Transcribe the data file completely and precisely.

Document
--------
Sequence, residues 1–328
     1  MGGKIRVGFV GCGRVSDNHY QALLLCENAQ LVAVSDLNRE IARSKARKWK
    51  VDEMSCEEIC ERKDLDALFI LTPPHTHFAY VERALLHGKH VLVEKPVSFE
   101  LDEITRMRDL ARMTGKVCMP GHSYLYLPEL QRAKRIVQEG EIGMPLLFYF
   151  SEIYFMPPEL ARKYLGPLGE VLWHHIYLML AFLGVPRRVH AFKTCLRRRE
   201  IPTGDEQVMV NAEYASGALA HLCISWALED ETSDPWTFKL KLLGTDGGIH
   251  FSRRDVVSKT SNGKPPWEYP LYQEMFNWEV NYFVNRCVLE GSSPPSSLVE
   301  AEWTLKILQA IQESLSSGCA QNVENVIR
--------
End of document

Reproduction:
Sequence, residues 1–328
     1  MGGKIRVGFV GCGRVSDNHY QALLLCENAQ LVAVSDLNRE IARSKARKWK
    51  VDEMSCEEIC ERKDLDALFI LTPPHTHFAY VERALLHGKH VLVEKPVSFE
   101  LDEITRMRDL ARMTGKVCMP GHSYLYLPEL QRAKRIVQEG EIGMPLLFYF
   151  SEIYFMPPEL ARKYLGPLGE VLWHHIYLML AFLGVPRRVH AFKTCLRRRE
   201  IPTGDEQVMV NAEYASGALA HLCISWALED ETSDPWTFKL KLLGTDGGIH
   251  FSRRDVVSKT SNGKPPWEYP LYQEMFNWEV NYFVNRCVLE GSSPPSSLVE
   301  AEWTLKILQA IQESLSSGCA QNVENVIR